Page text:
The River City Company administered this program for the City of Chattanooga and Hamilton County during this period.
Neither River City nor the City Attorney ever addressed why it was OK for the Walnut Commons apartment complex not to benefit low and moderate-income citizens, as required by state law, or why it was OK for the developers not to build a parking structure, which they agreed to do in their PILOT and lease agreements or why this is the only PILOT since 2008 where the developer was not required to pay school taxes.
5) Public Parking for Private Apartments (2015-2016)
A local developer built the 10 North apartments next to Renaissance Park at the corner of Cherokee Boulevard and Manufacturers Road. Other multi-family developments in the area, including nearby condominium and apartment complexes, provided structured parking for their owners and tenants.
A representative for the developer said at a neighborhood meeting that a parking deck would be too expensive and that they would negotiate with CARTA about leasing 75 spaces in its Renaissance Park parking lot. Apparently the lease is for 50 years.
Residents of the adjacent Bridgeview and One North Shore condominiums said there was already a shortage of parking for Renaissance Park and that the lease of this many public spaces would not leave enough public parking. The lot is heavily used by people visiting Renaissance or Coolidge Parks and the county-owned Business Development Center across the street.
This public policy question did not seem to concern the two public entities who oversee the lot. CARTA manages the lot for the Chattanooga Downtown Redevelopment Corporation (CDRC).
Who was looking out for the public interest?
6) Environmental Regulations (2017-2020)
Homebuilders and other development interests were successful in 2017 in weakening the City's stormwater standards on South Chickamauga Creek. The change to the stay-on-volume requirement allows more sediment and pollutants to run off properties after heavy rainfalls.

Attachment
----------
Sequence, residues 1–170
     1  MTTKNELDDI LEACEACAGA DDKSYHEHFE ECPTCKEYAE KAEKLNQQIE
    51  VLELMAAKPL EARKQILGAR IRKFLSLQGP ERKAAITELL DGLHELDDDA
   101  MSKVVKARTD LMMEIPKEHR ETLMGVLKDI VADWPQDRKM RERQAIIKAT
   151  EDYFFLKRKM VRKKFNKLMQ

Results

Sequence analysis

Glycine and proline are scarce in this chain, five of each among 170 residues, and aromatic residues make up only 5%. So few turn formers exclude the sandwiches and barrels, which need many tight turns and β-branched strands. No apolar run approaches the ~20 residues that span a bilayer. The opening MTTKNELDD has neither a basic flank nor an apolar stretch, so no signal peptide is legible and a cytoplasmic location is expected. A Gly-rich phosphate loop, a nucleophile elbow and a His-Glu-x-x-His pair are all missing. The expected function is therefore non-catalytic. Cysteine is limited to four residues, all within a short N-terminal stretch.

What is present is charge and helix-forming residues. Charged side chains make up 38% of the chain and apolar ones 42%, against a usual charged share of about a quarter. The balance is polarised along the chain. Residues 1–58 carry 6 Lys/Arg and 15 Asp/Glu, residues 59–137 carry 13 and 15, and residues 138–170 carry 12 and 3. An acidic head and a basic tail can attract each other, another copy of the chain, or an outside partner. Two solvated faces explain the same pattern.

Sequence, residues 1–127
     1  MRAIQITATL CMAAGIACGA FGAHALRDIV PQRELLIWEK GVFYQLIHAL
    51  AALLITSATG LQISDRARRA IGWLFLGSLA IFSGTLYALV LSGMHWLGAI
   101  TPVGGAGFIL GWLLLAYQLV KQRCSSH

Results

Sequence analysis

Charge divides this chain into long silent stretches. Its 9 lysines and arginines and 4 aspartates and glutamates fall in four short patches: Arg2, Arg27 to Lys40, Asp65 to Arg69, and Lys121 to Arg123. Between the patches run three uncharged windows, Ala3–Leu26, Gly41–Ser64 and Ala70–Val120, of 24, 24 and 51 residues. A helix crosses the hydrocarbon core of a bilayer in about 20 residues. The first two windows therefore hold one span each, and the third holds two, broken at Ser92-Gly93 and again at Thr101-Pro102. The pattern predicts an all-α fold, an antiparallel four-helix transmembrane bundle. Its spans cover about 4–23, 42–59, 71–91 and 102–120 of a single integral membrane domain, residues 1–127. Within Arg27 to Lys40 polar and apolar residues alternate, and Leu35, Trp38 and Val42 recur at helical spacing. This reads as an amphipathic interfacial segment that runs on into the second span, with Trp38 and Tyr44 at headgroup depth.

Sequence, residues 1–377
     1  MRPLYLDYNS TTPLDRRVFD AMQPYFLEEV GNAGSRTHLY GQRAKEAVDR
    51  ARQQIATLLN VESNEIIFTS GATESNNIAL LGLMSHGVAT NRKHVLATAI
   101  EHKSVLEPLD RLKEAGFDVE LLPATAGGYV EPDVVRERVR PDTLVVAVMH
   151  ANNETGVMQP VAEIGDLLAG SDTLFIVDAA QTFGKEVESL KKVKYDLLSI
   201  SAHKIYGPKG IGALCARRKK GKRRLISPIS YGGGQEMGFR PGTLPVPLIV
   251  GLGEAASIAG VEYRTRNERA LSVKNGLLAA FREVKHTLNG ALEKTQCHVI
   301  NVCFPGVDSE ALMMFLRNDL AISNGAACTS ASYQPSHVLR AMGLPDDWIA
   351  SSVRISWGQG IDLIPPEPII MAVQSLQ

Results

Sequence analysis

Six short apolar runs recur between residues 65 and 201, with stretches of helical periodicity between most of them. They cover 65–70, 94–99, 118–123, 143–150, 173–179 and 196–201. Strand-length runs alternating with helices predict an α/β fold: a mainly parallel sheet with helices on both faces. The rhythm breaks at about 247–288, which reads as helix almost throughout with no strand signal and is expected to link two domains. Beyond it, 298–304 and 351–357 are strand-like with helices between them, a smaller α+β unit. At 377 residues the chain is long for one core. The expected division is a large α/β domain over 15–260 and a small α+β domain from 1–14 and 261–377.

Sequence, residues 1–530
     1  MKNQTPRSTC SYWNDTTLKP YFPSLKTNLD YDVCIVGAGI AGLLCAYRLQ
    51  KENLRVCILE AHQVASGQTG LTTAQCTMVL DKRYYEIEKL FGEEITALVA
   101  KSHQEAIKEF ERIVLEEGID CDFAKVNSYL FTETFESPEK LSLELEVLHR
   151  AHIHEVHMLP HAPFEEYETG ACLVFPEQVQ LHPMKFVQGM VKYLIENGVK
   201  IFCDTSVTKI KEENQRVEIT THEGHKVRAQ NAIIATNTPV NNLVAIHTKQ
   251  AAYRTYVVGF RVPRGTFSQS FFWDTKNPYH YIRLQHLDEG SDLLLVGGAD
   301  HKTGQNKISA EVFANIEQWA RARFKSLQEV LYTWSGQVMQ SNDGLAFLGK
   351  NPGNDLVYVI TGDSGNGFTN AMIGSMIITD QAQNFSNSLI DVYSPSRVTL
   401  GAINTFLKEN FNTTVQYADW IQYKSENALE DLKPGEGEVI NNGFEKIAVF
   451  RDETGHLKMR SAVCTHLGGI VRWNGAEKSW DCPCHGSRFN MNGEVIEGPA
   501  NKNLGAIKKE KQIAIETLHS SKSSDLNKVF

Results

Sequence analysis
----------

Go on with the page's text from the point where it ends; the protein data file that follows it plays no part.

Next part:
The new rules replaced standards based on state guidelines and EPA advice. The higher standard for the South Chick had been adopted because of previous loss of wetlands and floodplain and its state designation as a threatened and endangered stream. Developers now pay a reduced stormwater fee for new development while taxpayers throughout the city will pay for more stream restoration.
More recently the homebuilders have been successful in slowing down the adoption of regulations about development on hillsides and in the floodplain throughout the city. One of our greatest selling points for economic development is our quality of life. The mountains, ridges, rivers, and creeks are among Chattanooga's greatest assets. Recent development in North Chattanooga has shown what can happen without adequate standards.
In 2018, Council passed a resolution directing the staff of the Regional Planning Agency (RPA) to analyze the city's steep slope and floodplain challenges. The planning staff worked with an advisory committee and a technical committee. Their analysis resulted in the Natural Resources Assessment. RPA is still awaiting Council guidance relative to the parameters and scope of the recommendations. Apparently the Home Builders Association (HBA) interpreted the assessment as being recommendations and has pushed back.
The Council could show leadership and ask RPA to reconvene the committees and come up with recommendations. The public and the HBA will likely agree on a number of things. What does this Council want its legacy to be? Does it include environmental stewardship?
7) The Role of the City Attorney's Office (2012-Present)
One might expect that the Office of City Attorney would be particularly sensitive to issues that might appear to involve conflicts of interest or special treatment. The City Charter designates the City Attorney as Chief Ethics Officer.
However, in most of the examples listed above, the City Attorney seems to have assumed (or been asked to assume) the role of facilitator. Rather than being an independent voice, it sometimes appears that the City Attorney sees his job more narrowly, with a focus on carrying out whatever policy the Mayor or Council favors and business interests want.
The City Attorneys' office has allowed one-sided PILOT and TIF agreements that seemingly are prepared by the attorneys for the companies seeking a PILOT or TIF and are written to benefit the companies. We need the City (and County) Attorney to negotiate for the taxpayers to produce a more balanced agreement.
In the City's first TIF, the City Attorney told the Industrial Development Board that he understood that the mayor supported the project. The City Attorney himself had a personal financial stake in the outcome of the TIF, even though he was a city employee. He received a check for $7,500 after the TIF was approved. It is quite uncommon for public employees to receive "bonuses."